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What works to support carers of older people and older carers? an international evidence map of interventions and outcomes

Lookup NU author(s): Dr Gemma Frances SpiersORCiD, Dr Michelle TanORCiD, Kate LanyiORCiD, Oleta Williams, Fiona Beyer, Professor Dawn CraigORCiD, Professor Barbara Hanratty



This work is licensed under a Creative Commons Attribution 4.0 International License (CC BY 4.0).


© The Author(s) 2024.Background: Unpaid carers of older people, and older unpaid carers, experience a range of adverse outcomes. Supporting carers should therefore be a public health priority. Our understanding of what works to support carers could be enhanced if future evaluations prioritise under-researched interventions and outcomes. To support this, we aimed to: map evidence about interventions to support carers, and the outcomes evaluated; and identify key gaps in current evidence. Methods: Evidence gap map review methods were used. Searches were carried out in three bibliographic databases for quantitative evaluations of carer interventions published in OECD high-income countries between 2013 and 2023. Interventions were eligible if they supported older carers (50 + years) of any aged recipient, or any aged carers of older people (50 + years). Findings: 205 studies reported across 208 publications were included in the evidence map. The majority evaluated the impact of therapeutic and educational interventions on carer burden and carers’ mental health. Some studies reported evidence about physical exercise interventions and befriending and peer support for carers, but these considered a limited range of outcomes. Few studies evaluated interventions that focused on delivering financial information and advice, pain management, and physical skills training for carers. Evaluations rarely considered the impact of interventions on carers’ physical health, quality of life, and social and financial wellbeing. Very few studies considered whether interventions delivered equitable outcomes. Conclusion: Evidence on what works best to support carers is extensive but limited in scope. A disproportionate focus on mental health and burden outcomes neglects other important areas where carers may need support. Given the impact of caring on carers’ physical health, financial and social wellbeing, future research could evaluate interventions that aim to support these outcomes. Appraisal of whether interventions deliver equitable outcomes across diverse carer populations is critical.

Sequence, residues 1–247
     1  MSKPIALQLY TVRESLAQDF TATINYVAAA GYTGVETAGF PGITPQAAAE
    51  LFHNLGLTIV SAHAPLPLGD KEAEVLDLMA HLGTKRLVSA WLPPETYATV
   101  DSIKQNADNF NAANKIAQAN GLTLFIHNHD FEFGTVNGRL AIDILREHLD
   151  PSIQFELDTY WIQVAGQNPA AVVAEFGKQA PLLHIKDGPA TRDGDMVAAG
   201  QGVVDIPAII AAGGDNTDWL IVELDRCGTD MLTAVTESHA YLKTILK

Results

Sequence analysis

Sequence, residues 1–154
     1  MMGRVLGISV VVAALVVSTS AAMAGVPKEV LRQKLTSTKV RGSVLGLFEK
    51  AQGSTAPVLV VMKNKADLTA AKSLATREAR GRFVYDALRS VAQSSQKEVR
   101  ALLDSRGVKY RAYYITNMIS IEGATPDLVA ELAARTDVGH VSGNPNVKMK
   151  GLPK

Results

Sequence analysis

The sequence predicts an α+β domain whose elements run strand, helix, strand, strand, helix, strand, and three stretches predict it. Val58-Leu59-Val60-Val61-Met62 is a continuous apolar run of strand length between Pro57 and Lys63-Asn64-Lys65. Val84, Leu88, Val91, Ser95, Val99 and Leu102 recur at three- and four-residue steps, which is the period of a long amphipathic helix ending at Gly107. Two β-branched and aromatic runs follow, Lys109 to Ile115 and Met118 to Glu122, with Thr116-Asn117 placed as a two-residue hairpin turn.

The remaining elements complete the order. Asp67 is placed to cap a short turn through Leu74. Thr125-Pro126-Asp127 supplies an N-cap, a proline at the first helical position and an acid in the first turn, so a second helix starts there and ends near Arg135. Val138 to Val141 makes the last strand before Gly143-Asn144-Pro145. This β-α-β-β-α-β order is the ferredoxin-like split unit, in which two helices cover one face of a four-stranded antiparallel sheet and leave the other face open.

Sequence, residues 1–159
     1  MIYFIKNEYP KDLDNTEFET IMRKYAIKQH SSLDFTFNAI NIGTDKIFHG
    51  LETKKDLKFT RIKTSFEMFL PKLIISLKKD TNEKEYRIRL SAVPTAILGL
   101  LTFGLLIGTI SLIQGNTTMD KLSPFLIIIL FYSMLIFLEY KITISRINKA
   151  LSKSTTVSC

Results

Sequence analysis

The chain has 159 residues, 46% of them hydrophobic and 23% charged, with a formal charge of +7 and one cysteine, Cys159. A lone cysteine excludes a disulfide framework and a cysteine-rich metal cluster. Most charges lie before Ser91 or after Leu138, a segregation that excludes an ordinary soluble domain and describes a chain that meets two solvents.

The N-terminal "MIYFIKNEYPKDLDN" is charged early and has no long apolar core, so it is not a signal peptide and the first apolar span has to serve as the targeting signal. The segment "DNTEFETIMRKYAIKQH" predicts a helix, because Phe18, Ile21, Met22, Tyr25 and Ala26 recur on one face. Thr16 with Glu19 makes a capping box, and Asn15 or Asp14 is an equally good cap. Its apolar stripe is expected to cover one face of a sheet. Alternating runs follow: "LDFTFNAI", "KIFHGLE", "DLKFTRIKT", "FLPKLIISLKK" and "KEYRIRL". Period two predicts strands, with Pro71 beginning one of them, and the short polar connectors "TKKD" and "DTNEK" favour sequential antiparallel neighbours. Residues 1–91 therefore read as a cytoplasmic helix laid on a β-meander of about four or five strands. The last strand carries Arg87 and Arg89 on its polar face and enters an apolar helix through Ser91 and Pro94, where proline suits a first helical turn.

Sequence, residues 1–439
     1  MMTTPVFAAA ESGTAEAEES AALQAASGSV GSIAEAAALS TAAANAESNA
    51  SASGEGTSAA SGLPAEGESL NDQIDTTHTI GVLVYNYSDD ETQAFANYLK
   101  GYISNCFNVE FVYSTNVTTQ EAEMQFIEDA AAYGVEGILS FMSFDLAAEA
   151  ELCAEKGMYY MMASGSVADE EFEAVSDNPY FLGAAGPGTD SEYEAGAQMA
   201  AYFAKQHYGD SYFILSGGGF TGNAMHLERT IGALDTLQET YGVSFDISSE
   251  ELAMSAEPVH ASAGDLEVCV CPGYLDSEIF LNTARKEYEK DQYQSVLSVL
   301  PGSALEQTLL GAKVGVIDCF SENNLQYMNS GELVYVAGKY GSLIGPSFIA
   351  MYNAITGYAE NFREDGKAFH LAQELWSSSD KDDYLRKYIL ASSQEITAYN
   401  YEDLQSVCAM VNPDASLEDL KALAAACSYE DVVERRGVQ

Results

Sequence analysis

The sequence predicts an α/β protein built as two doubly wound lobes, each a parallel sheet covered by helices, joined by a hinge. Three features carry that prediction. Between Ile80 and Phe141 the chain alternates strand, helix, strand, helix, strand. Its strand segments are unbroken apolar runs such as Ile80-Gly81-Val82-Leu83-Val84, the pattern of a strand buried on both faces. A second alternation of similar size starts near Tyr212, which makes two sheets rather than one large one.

Publication metadata

Author(s): Spiers G, Tan MMC, Astbury JL, Hall A, Ahmed N, Lanyi K, Williams O, Beyer F, Craig D, Hanratty B

Publication type: Article

Publication status: Published

Journal: BMC Geriatrics

Year: 2024

Volume: 24

Issue: 1

Online publication date: 29/03/2024

Acceptance date: 15/03/2024

Date deposited: 09/04/2024

ISSN (electronic): 1471-2318

Publisher: BioMed Central Ltd


DOI: 10.1186/s12877-024-04897-3


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Funder referenceFunder name
National Institute for Health and Care Research (NIHR)
Policy Research Unit Older People and Frailty
PR-PRU-1217-21502National Institute for Health Research (NIHR)